As he pointed out in his interview though, “A hundred doesn’t come as and when you want.”

    Calls for his retirement have been rife in the past few months – former teammates have themselves been divided over the issue. Sourav Ganguly, India’s most successful Test captain, famously remarked that no one had the right to call for Sachin’s head and it was purely his decision to make. Ravi Shastri, meanwhile, has been extremely vocal about his view that Tendulkar should have retired on a high after the World Cup.

    Tendulkar’s views were perfectly clear. “When you are at the top, you should serve the nation. When I feel I am not in a frame of mind to contribute to the nation, that’s when I should retire, not when somebody says. That’s a selfish statement, [saying that] one should retire on top. “

    Tendulkar’s, though, is a life that is shared with a nation. For two decades he has been India’s perennial wonder boy, still every bit the prodigy he was when he came onto the scene as a quiet, fresh-faced youngster. No sportsperson, let alone cricketer, carries with them a billion hopes in quite the same way Sachin Tendulkar does.

    It makes it all the more remarkable when, all things considered, batting is one of the toughest mental propositions in professional sport – one mistake can end your match, and two or three can end your career.

    Tendulkar spoke about the wait for his 100th ton with remarkable perspective. “I am glad about the journey. It has tested my patience, my character. So many people have had questions, but I don’t read any of them. Somebody who has not gone through this will have only questions, not answers.”

    “When I consider retirement, don’t worry, I will not hide it from anyone. I will play as long as I am enjoying it and as long as I can contribute to the team. I don’t play for milestones; that is a perception created by a few members of the media. I play cricket because I enjoy it.”

    It will be pleasant to watch a cricket match without reference to Tendulkar’s 100th ton. Tendulkar himself will be pleased to see no more banners wishing him luck in making this particular achievement. It might seem an agonising wait until he next makes some kind of poetic history, but try to remember that every time he walks out to bat, he’s in uncharted territory.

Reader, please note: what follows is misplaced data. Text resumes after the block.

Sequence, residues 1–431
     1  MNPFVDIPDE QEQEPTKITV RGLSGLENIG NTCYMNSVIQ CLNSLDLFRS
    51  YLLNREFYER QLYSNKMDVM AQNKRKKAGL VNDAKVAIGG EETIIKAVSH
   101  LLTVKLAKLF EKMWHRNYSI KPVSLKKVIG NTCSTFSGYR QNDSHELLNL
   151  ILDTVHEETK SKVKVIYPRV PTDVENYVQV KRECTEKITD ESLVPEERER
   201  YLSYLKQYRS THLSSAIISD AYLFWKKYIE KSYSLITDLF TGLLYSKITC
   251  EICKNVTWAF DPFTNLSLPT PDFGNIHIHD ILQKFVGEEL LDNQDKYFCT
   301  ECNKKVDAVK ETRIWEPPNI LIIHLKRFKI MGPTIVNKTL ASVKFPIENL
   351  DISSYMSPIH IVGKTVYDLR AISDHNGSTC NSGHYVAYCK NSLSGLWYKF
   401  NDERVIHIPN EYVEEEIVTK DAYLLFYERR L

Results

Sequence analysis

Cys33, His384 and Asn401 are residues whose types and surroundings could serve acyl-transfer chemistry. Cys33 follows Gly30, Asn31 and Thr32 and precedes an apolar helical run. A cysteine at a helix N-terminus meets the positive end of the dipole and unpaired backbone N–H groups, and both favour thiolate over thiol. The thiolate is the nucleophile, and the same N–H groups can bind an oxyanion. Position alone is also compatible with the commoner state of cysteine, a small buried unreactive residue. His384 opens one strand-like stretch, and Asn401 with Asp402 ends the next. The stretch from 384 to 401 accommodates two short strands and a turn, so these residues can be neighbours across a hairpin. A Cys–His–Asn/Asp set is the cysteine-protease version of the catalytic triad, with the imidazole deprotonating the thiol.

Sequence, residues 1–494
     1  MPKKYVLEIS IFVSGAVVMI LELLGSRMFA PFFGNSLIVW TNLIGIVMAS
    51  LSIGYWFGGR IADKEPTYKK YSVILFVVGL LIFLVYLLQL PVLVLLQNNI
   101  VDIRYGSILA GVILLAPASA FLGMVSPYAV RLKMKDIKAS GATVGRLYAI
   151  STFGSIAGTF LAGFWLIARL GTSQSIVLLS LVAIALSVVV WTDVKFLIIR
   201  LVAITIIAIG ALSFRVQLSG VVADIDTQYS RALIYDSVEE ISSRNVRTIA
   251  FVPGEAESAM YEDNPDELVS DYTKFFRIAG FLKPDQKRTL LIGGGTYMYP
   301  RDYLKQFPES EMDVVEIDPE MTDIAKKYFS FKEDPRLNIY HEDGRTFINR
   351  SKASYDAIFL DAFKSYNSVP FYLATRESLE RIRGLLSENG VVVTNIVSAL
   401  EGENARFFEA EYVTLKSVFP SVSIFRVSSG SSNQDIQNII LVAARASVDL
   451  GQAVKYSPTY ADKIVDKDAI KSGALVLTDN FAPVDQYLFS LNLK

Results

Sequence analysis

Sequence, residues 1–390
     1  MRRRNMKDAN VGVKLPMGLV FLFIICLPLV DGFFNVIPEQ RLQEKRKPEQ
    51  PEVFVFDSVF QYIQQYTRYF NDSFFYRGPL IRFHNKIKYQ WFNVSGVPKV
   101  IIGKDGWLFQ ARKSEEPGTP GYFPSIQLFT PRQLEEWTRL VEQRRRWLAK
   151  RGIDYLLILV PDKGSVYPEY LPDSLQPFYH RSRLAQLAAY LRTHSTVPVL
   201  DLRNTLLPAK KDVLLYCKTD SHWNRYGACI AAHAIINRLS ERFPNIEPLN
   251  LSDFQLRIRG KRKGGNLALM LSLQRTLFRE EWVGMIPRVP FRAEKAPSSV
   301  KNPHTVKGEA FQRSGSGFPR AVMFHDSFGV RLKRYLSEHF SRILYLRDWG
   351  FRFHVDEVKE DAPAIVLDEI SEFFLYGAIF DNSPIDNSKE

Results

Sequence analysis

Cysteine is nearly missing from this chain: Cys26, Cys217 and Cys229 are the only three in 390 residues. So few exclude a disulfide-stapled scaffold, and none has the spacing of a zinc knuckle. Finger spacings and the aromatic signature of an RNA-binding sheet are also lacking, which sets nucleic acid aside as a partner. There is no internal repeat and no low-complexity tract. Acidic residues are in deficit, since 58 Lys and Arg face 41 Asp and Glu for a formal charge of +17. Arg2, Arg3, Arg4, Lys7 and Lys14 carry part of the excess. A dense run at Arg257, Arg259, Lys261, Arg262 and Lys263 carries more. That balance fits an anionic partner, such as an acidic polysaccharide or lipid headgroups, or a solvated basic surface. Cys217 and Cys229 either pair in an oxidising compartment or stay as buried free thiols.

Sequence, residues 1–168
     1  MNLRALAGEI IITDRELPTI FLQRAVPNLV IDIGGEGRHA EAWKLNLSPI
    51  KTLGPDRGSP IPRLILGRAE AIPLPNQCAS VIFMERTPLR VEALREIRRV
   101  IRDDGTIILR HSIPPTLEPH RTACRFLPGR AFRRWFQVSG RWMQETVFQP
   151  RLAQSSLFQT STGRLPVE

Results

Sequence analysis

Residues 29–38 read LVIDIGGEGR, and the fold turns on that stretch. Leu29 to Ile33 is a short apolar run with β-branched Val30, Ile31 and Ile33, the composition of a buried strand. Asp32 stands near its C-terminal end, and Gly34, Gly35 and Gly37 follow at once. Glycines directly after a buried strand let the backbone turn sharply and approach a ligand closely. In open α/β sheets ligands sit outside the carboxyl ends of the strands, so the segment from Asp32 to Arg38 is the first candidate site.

The cheers when he walks out of the dressing room should be as loud as they are for his centuries – for then perhaps Tendulkar will be able to remember that the applause is for him, and not for a statistic. The great man himself is, as ever, focused on his country, and the rest of India would do very well to follow suit.

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    The Crowd Says (8)

    • April 5th 2012 @ 3:35pm
      Cameron said | April 5th 2012 @ 3:35pm | ! Report

      I’m so sick of Tendulkar

      • Roar Rookie

        April 5th 2012 @ 5:49pm
        Ritam said | April 5th 2012 @ 5:49pm | ! Report

        Fair enough mate – wrote this a while ago, was definitely expecting some reader fatigue.

    • April 5th 2012 @ 4:43pm
      Kersi Meher-Homji said | April 5th 2012 @ 4:43pm | ! Report

      An excellent tribute, so deep and sincere.
      Sachin is not only one of the all-time great batsmen but also a nice human being.
      We from 1980s to 2010s are proud and previleged to see him bat.
      Cricket fans will remember him 100 years later. Any new star in 2112 will be compared with him as indeed with Bradman, Hobbs, Trumper, Hammond, Headley, G. Pollock, Weekes, Hutton, Sobers, Gavaskar, Harvey, Lara, Ponting…

      But like Bradman, Sachin has a special aura. A decade later he will be called THE Sachin as Bradman is remembered as THE Don.

      • Roar Rookie

        April 5th 2012 @ 5:42pm
        Ritam said | April 5th 2012 @ 5:42pm | ! Report

        Thanks for the lovely feedback Kersi. I always forget to come here and read your pieces, having stumbled upon them a while ago! But I read the recent one about Clarke. Sachin is indeed special.

    • April 5th 2012 @ 5:03pm
      Vas Venkatramani said | April 5th 2012 @ 5:03pm | ! Report

      Ritam, you’ve made some very fine points here about how media and fan obsession has weighed down the legend that is Sachin Tendulkar.